These decisions might have been okay if the main character was say, Superman, Spider-Man or even the Green Lantern. John Carter is just too obscure. Which brings be to my next suggestion.
SPEND MORE ENERGY TELLING EVERYONE WHAT JOHN CARTER IS
I don’t want to rain on the parade of Edgar Rice Burroughs fans, but the fact is very few people know who ERB is in this day and age. If you say something like “he was the guy who wrote the Tarzan books” then maybe there is a hint of recognition. A hint. He just isn’t well known to today’s filmgoing audiences. He does have a legion of fans among sci-fi aficionados and writers, however. That’s why I would have been out there with teaser trailers that showed his fans telling us who ERB was and why we should be excited about a new film adaptation of his work. Even Stanton geeking out and then showing a clip would have been nice.
Tell us why we should care. You say he was an inspiration for Superman. Tell us how. Star Wars, too? Please explain.
Then tell us what the story is about because the trailers certainly didn’t. Who is John Carter and why is he on Mars? When does this take place? Why doesn’t the Mars rover catch any of this action. Can we go get John if he’s living up there? Wouldn’t he be the perfect man to manage Newt Gingrich’s moon station? Just watch the teaser trailer above and tell me if you can figure out what’s going on.
I have to say I was stunned when I heard Stanton was scheduled to talk to the TED Conference last week. Talk about tone deaf. Talk about playing to the band. I want people to see my film so I’m going to speak at a conference for silicon valley suits. Yeah, that’ll bring in the kids. When your film is tracking as soft as John Carter is, Stanton should be out tap dancing in front of theaters. Showing up at screenings instead of starting work on a sequel that probably won’t ever happen. A lot more Tarantino and lot less Steve Jobs was needed to sell this film.
Which brings me to my last suggestion.
LIFT THE REVIEW EMBARGOES
Press embargoes are generally one of the worst ideas ever. Most film companies use them to control what is being written and when. Which makes sense to a degree. Who wants a film review out a year before the film hits theaters. The problem is that a lot of film companies ask you to hold the review until right before the film comes out and I’m not sure if an article that comes out the day and date really helps much these days.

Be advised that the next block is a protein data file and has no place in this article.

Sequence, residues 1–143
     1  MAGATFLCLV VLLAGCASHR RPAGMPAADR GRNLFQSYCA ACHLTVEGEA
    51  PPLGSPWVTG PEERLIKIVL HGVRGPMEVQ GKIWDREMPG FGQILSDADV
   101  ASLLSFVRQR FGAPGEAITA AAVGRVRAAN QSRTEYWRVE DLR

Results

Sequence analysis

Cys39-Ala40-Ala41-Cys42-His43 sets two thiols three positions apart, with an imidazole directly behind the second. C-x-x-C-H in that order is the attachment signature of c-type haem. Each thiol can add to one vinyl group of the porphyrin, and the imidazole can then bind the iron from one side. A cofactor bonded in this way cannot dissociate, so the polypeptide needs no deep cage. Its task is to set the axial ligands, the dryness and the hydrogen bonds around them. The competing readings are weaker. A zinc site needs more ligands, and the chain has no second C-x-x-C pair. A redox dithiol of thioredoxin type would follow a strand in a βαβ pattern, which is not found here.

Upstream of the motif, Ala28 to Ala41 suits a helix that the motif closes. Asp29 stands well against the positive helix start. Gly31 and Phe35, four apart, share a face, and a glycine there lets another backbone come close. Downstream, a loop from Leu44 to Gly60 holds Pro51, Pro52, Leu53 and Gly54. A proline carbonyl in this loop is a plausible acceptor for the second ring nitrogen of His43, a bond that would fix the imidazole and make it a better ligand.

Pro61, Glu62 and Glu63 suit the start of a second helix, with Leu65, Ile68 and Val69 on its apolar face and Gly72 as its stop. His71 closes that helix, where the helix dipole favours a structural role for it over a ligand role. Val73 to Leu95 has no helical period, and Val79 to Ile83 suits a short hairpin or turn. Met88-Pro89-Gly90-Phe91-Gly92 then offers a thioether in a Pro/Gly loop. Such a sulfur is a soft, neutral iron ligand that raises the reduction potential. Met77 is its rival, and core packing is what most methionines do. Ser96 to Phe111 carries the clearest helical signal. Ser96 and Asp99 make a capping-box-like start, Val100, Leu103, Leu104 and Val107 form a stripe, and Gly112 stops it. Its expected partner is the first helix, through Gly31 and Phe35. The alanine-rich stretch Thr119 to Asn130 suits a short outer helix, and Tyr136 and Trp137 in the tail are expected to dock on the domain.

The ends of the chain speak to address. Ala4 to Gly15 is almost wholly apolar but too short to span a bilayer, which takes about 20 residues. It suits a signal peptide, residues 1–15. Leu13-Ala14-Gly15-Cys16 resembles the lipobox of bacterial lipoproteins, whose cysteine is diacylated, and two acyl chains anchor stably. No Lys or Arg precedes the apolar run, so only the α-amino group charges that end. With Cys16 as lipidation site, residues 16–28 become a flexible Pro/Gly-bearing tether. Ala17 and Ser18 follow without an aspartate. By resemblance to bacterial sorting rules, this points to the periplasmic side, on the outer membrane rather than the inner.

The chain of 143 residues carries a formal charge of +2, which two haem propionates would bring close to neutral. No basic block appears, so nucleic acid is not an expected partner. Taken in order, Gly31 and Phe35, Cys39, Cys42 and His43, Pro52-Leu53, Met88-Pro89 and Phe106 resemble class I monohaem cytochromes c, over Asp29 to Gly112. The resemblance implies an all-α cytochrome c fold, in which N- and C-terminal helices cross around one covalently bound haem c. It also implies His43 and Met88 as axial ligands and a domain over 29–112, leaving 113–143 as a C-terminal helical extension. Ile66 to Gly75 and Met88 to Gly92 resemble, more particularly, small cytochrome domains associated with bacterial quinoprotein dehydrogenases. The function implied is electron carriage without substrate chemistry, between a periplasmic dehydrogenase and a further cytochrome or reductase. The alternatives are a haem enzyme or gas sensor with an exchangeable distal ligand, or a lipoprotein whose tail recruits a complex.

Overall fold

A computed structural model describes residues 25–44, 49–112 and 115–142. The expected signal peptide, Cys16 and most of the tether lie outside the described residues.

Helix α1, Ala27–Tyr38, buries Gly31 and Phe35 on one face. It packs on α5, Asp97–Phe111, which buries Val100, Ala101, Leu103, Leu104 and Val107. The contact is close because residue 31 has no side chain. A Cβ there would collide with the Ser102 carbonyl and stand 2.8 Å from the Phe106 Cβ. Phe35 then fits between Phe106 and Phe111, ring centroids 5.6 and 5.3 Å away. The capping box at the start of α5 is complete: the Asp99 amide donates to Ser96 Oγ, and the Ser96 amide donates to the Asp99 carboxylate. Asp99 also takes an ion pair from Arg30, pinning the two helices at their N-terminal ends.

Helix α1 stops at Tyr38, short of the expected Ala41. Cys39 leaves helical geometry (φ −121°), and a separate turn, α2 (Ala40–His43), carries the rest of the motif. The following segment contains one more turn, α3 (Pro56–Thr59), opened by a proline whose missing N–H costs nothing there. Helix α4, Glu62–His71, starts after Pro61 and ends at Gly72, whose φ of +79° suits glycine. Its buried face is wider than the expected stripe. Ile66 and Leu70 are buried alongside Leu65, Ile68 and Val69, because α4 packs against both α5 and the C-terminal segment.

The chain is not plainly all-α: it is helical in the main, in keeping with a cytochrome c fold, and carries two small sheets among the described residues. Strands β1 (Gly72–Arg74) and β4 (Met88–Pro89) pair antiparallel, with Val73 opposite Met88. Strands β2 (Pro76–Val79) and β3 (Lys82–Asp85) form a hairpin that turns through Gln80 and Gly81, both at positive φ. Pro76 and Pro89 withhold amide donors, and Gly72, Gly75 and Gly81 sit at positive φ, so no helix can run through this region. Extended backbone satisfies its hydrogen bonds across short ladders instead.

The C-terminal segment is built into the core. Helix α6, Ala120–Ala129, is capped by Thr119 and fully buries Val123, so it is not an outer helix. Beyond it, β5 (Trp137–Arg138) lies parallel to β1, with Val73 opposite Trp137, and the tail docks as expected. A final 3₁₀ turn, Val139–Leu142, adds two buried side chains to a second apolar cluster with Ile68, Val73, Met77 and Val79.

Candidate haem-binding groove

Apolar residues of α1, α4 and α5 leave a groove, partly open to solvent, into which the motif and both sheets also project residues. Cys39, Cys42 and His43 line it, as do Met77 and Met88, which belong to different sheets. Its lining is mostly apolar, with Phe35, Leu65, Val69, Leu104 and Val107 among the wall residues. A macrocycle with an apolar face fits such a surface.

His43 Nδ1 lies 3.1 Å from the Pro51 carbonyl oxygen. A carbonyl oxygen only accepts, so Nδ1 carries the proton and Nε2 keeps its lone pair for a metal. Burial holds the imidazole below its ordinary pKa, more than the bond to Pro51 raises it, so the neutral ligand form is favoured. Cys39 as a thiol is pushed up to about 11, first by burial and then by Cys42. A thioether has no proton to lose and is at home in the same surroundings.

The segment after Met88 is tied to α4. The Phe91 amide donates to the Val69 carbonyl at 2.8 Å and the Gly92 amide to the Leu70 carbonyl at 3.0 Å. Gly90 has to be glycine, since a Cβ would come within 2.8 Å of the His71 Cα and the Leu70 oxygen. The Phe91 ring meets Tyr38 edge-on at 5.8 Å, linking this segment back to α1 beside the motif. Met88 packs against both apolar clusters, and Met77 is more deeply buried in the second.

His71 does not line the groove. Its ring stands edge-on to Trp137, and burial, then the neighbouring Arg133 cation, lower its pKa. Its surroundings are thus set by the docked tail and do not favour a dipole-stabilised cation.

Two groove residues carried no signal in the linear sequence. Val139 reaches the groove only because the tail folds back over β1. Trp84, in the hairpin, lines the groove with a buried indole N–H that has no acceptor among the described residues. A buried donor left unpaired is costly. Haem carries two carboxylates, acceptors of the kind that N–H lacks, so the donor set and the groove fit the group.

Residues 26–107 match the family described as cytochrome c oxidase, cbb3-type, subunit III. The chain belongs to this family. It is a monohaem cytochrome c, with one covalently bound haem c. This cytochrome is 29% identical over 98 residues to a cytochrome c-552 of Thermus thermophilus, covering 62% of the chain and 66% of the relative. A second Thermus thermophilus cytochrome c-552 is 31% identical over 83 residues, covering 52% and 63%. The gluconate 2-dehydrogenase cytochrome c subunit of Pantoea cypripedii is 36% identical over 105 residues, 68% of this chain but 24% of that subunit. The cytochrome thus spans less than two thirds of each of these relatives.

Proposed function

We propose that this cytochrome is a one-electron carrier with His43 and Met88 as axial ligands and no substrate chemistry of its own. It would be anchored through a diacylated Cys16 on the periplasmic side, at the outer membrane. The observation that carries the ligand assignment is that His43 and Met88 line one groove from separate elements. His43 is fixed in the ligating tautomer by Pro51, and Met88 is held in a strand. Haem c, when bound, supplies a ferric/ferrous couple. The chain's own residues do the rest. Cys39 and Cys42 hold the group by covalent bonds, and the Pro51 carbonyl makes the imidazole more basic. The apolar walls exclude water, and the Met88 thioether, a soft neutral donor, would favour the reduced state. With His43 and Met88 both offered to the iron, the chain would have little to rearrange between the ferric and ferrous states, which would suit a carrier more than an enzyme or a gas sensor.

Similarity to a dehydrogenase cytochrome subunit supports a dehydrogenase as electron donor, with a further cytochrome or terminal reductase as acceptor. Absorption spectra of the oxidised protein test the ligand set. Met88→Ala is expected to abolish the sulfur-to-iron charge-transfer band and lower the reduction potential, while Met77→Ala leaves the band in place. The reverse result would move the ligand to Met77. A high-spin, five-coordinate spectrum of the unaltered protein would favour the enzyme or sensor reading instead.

Earlier this year David Fincher and Scott Rudinwent off on David Denby of the New Yorker for running a positive review of The Girl With The Dragon Tattoo a week early. What did it get them? Not much other than a little negative press and a stupid debate amongst bloggers and critics about who was correct. I don’t think it affected the film’s performance one way or another. The film did okay although probably not as well as Sony wanted. Still I doubt Denby’s review changed a single mind regarding who went to see the film.
Disney should have lifted the review embargo as soon as they saw the soft tracking numbers three weeks before the film was scheduled to come out. John Carter needed press and awareness. Any press and awareness. The embargo was ultimately lifted the Friday night before the film was released. Yeah, because Friday night is when people are ready to read a review of a movie they haven’t even heard of, starring an actor they hadn’t heard of, with a title and a trailer that doesn’t tell them anything.
I had a friend who used to work for Madonna. One time they did a big fashion show and the press reactions were very mixed when they came out the following day. My friend then called the pop diva mentioned that she was disappointed the reviews weren’t better, to which my friend told me Madonna replied, “There was a full color picture on the front page of the New York Times. Who cares what they said.” That’s why Madonna is global.
Those are my suggestions and that’s without even examining the film itself. Do you have any additional suggestions as to what could have been done to help John Carter, or was the film doomed from the start? I’d love to read your thoughts in the comments below.
via Five Things Disney Could Have Done to Save ‘John Carter’ | Rope of Silicon.